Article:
One should be very careful with rolling views when it comes to memory usage. Indeed, although a ‘view’ has the same memory footprint as its base array, the actual array that emerges when this ‘view’ is used in a computation is generally a (much) larger array than the original, especially for 2-dimensional arrays and above.
For example, let us consider a 3 dimensional array of size (100, 100, 100) of float64
. This array takes about 8*100**3 Bytes for storage which is just 8 MB. If one decides to build a rolling view on this array with a window of (3, 3, 3) the hypothetical size of the rolling view (if one was to reshape the view for example) would be 8*(100-3+1)**3*3**3 which is about 203 MB! The scaling becomes even worse as the dimension of the input array becomes larger.
[R500] | (1, 2) http://en.wikipedia.org/wiki/Hyperrectangle |
>>> import numpy as np >>> from skimage.util.shape import view_as_windows >>> A = np.arange(4*4).reshape(4,4) >>> A array([[ 0, 1, 2, 3], [ 4, 5, 6, 7], [ 8, 9, 10, 11], [12, 13, 14, 15]]) >>> window_shape = (2, 2) >>> B = view_as_windows(A, window_shape) >>> B[0, 0] array([[0, 1], [4, 5]]) >>> B[0, 1] array([[1, 2], [5, 6]])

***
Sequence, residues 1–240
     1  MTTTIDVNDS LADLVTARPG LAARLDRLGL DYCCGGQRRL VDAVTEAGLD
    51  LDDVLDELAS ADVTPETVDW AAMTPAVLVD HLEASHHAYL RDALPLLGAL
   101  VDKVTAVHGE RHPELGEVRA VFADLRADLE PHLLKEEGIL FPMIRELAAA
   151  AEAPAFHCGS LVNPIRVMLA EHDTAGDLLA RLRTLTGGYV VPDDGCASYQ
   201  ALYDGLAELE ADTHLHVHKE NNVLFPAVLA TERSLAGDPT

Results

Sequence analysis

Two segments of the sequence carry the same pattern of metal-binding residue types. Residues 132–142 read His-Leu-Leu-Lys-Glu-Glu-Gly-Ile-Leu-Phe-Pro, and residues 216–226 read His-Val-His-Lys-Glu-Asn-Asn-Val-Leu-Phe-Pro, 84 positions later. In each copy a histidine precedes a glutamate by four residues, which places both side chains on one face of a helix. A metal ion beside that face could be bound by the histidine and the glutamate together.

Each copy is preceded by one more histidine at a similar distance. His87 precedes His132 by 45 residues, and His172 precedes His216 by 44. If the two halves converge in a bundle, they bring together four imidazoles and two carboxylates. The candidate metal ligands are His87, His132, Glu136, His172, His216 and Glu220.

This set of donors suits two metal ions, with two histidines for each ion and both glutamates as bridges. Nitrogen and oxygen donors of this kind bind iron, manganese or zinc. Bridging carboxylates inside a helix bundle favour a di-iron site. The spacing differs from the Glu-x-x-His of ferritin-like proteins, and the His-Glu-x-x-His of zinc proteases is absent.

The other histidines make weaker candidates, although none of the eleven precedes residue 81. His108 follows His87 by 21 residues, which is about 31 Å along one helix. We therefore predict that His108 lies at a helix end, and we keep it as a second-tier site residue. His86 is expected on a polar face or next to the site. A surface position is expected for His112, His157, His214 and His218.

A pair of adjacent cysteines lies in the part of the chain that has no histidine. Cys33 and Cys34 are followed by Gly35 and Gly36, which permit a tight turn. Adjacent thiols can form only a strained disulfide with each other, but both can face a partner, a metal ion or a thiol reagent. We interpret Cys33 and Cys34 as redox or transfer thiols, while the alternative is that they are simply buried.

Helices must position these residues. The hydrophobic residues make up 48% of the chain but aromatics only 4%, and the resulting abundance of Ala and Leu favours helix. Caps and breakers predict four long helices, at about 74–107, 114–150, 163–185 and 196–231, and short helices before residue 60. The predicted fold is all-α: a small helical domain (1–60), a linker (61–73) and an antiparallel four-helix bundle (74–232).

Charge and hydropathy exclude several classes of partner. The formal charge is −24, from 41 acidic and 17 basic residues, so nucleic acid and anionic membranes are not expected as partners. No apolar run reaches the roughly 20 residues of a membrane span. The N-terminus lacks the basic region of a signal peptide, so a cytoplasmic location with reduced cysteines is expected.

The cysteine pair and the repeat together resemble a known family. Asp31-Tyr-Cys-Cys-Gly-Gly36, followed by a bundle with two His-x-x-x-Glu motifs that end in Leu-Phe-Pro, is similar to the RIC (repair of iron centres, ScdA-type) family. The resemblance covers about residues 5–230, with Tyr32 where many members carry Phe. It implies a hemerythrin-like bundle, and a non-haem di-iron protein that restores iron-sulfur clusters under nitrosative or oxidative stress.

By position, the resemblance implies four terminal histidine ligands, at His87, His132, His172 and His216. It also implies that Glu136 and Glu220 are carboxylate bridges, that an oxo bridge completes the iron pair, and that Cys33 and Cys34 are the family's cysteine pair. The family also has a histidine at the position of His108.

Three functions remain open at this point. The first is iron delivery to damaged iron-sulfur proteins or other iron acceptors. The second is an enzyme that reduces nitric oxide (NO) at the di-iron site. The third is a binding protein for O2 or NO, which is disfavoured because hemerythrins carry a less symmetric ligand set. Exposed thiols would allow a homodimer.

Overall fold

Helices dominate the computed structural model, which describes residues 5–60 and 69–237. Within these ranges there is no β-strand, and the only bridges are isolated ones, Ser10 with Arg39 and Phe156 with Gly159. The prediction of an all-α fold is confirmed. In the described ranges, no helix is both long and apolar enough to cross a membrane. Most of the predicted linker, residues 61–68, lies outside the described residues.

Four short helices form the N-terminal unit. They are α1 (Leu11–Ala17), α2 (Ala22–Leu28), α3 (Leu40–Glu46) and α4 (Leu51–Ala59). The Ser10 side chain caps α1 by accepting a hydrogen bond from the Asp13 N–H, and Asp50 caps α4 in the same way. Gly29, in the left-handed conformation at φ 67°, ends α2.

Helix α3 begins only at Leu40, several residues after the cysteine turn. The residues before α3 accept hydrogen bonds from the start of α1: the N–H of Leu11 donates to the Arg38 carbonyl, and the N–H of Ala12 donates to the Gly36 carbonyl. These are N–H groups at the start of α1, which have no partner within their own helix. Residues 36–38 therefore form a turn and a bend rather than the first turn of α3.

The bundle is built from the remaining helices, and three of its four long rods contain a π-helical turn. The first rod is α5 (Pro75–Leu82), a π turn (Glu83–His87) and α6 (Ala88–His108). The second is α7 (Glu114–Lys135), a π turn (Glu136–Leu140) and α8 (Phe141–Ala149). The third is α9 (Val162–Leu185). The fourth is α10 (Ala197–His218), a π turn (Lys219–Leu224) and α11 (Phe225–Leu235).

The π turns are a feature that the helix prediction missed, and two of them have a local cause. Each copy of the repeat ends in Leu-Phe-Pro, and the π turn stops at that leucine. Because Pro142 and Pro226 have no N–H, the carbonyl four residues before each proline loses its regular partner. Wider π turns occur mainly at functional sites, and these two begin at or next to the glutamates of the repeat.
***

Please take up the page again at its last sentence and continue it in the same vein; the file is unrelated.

>>> A = np.arange(10) >>> A array([0, 1, 2, 3, 4, 5, 6, 7, 8, 9]) >>> window_shape = (3,) >>> B = view_as_windows(A, window_shape) >>> B.shape (8, 3) >>> B array([[0, 1, 2], [1, 2, 3], [2, 3, 4], [3, 4, 5], [4, 5, 6], [5, 6, 7], [6, 7, 8], [7, 8, 9]])
>>> A = np.arange(5*4).reshape(5, 4) >>> A array([[ 0, 1, 2, 3], [ 4, 5, 6, 7], [ 8, 9, 10, 11], [12, 13, 14, 15], [16, 17, 18, 19]]) >>> window_shape = (4, 3) >>> B = view_as_windows(A, window_shape) >>> B.shape (2, 2, 4, 3) >>> B array([[[[ 0, 1, 2], [ 4, 5, 6], [ 8, 9, 10], [12, 13, 14]], [[ 1, 2, 3], [ 5, 6, 7], [ 9, 10, 11], [13, 14, 15]]], [[[ 4, 5, 6], [ 8, 9, 10], [12, 13, 14], [16, 17, 18]], [[ 5, 6, 7], [ 9, 10, 11], [13, 14, 15], [17, 18, 19]]]])
© 2011 the scikit-image team
Licensed under the BSD 3-clause License.
http://scikit-image.org/docs/0.13.x/api/skimage.util.html